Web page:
NameCheap & GoDaddy trade punches over domain inventory rules

NameCheap and GoDaddy are throwing virtual punches today, April 1st, over ongoing friction about domain inventory sales. No, it’s not a joke.

Richard Kirkendall, CEO of NameCheap, began the exchange :

Godaddy likes to do “tests” that censor out certain registrars because they have more sales. Their optimization involves trying to get the most sales to Godaddy themselves.

He followed up with:

I wouldn’t be surprised if they retaliate again by not renewing our contract to offer your domains via our search because I posted this.

Meanwhile, Paul Nicks, President of Domains at GoDaddy, entered the exchange to present his company’s angle:

Namecheap repeatedly did not honor the buy-now prices our customers put in to Afternic. After ignoring our requests for a conversation around price changes, they only responded once we took action by removing NameFind (and ONLY NameFind) inventory from their feed.

Additionally, their exhibited behavior via GD Auctions expiry actively hurt domain investors and enriched themselves. Again, after repeated attempts to get them to discontinue, we were unable to stop the behavior leading to GD Auctions no longer selling Namecheap inventory.

We’re actively negotiating with Namecheap to make sure they keep the integrity of the Afternic DLS to the level we know our customers expect. This all seems to be a way to pre-emptively setup GoDaddy as the heel if they don’t get what they want out of negotiations.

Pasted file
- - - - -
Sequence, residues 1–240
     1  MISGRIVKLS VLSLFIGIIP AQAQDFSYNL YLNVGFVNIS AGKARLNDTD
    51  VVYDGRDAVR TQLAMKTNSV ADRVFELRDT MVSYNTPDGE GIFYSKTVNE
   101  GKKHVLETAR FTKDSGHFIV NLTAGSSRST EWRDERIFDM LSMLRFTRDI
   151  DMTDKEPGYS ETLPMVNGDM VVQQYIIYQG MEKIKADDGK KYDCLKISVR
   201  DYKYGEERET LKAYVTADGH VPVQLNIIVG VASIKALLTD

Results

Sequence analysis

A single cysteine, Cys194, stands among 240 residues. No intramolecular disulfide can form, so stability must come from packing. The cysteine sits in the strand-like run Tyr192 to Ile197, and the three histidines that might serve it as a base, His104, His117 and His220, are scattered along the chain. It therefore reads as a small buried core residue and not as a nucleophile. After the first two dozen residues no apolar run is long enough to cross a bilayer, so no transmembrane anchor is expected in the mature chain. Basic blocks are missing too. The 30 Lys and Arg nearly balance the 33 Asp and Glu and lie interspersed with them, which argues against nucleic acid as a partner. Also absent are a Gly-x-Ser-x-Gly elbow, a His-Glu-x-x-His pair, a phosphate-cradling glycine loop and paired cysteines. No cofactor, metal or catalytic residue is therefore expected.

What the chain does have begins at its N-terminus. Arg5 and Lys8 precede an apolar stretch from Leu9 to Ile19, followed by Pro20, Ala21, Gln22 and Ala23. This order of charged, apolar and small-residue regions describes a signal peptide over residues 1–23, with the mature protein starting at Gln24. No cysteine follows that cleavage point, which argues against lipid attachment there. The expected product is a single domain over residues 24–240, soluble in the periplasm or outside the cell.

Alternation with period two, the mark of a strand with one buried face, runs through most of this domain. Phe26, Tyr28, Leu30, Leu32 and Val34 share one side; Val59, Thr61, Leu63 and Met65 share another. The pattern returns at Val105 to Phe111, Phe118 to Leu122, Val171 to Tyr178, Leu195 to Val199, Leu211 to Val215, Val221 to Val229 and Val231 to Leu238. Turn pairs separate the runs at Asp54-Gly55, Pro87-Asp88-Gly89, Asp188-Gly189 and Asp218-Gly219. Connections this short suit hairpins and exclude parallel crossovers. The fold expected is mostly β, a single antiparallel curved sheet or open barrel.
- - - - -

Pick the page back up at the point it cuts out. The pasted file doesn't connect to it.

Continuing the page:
What the heck happened, between the world’s top 2 domain registrars, one might wonder. GoDaddy has more than 80 million domains and NameCheap just passed the 15 million domain mark.

GoDaddy vs. NameCheap – Photo by Johann Walter Bantz on Unsplash

It was a little known secret: NameCheap would list its inventory from GoDaddy 3% lower, taking a small commission hit but thus claiming a bigger chunk in domain sales.

While the domain seller would receive exactly what they’ve listed the domain for minus commission, the listing price on was always 3% less than on other venues, such as GoDaddy. Domain buyers benefited from a price drop of 3% so why would they go to when they could get it cheaper via NameCheap?

Apparently, GoDaddy got mighty pissed about that and asked NameCheap to end this practice. When NameCheap either declined or did not respond in favor of such an adjustment, GoDaddy pulled off its NameFind inventory from appearing on NameCheap feeds.

Considering how that inventory consists of approximately 1 million aged, premium domains that belonged in the past to domain investors and were acquired by GoDaddy, the eventual loss for NameCheap can be substantial.

NameCheap wants to be allowed to continue offering this type of discount, particularly since other registrars such as price up the GoDaddy inventory.

To follow the exchange click here.

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